Calcium trioxocarbonate(IV), CaCO3 occurs abundantly naturally as limestone, chalk and marble.

limestone - sedimentary rock
Limestone.

It is also found in coastal caves as stalagmites (deposits of CaCO3 which grow upwards from the floor of the cave to its top). and stalactites (deposits of CaCO3 which grow downwards from the top of the cave to its floor).

stalagmite
Stalagmites.
Stalactite
Stalactite.

It is also an important constituent in the bones of animals, in the external skeleton of marine organisms. It is found in natural ores, such as calcite, dolomite and Iceland spar.

CaCO3 can be produced in the laboratory as a precipitate when trioxocarbonate(IV), Na2CO3 solution is added to a solution of Calcium chloride, CaCl2.

Na2CO3(aq) + CaCl2(aq) → CaCO3(s) + 2NaCl(aq)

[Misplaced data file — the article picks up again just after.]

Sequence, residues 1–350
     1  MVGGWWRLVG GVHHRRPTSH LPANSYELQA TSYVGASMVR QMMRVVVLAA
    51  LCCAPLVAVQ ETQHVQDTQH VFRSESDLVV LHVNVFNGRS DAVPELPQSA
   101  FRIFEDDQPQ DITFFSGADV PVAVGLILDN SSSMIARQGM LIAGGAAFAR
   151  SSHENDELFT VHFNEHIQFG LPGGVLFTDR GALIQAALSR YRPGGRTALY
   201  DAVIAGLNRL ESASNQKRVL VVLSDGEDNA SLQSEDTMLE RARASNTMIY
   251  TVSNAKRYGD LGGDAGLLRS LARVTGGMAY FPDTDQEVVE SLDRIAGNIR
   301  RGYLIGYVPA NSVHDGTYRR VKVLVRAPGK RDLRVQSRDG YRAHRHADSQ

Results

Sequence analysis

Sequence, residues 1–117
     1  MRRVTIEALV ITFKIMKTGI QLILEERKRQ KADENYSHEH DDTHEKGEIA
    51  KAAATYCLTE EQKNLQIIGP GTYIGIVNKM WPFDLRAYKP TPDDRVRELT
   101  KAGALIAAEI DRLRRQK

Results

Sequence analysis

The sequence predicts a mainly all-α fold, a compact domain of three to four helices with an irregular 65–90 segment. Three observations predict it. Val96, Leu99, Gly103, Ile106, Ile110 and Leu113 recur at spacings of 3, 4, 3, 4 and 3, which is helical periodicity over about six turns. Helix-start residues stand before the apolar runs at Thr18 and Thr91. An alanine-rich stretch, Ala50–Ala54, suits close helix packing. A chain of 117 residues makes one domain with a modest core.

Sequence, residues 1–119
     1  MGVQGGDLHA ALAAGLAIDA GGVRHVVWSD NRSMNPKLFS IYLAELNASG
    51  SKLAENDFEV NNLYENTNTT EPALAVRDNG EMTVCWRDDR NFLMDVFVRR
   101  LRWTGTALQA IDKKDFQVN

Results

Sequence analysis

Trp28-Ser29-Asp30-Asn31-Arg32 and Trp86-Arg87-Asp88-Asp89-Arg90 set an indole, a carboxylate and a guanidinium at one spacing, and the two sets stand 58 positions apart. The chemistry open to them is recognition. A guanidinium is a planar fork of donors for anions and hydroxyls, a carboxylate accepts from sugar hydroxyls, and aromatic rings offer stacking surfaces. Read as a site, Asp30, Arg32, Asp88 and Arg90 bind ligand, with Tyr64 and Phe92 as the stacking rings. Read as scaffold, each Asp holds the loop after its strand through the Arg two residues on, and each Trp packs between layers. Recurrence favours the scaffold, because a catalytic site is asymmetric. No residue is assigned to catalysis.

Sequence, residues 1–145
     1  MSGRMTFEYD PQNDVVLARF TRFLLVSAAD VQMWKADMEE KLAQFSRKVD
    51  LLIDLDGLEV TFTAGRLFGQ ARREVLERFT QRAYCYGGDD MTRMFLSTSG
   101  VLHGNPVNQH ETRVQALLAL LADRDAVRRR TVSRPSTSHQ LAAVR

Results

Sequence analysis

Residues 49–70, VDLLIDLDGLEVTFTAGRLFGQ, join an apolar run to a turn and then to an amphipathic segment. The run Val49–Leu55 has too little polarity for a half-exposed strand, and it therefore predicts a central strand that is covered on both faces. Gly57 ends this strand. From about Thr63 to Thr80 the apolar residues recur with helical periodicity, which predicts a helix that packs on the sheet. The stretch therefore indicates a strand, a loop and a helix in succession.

Properties of Calcium Trioxocarbonate(IV)

Below are properties shown by calcium trioxocarbonate(IV)

1. It is a white solid which is insoluble in pure distilled water.

2. It dissolves in water that contains dissolved carbon(IV)oxide, CO2 , to form calcium hydrogen tri-oxocarbonate(IV)

CaCO3(s) + H2O(l) + CO2(g)  → Ca(HCO3)2(aq)

The presence of calcium hydrogen trioxocarbonate(IV), Ca(HCO3)2, is the cause of temporary hardness in water.

3. Calcium Trioxocarbonate(IV) decomposes to give calcium oxide and carbon (IV) oxide, when strongly heated.

4. The action of dilute hydrochloric acid on CaCO3 liberates. CO2

CaCO3(s) + 2HCl(aq) → CaCl2(aq) + H2O(l) + CO2(g)

Uses of Trioxocarbonate(IV)

Trioxocarbonate(IV) is useful in the following ways:

1. Limestone is a major raw material used in making sodium trioxo-carbonate(IV), glass, steel, quicklime and cement.

2. Marble and limestone are used as building materials.

4. Finely ground limestone is used in neutralizing excess acid in acidic soils.

5. In the extraction of iron. Calcium oxide is provided by limestone which is used to remove impurities as slag.

6. As building materials.

7. In the manufacture of pigments, putty and pap.

8. Cement is mixed with sand and gravel to form concrete, which is an important building material because of its hardness and strength.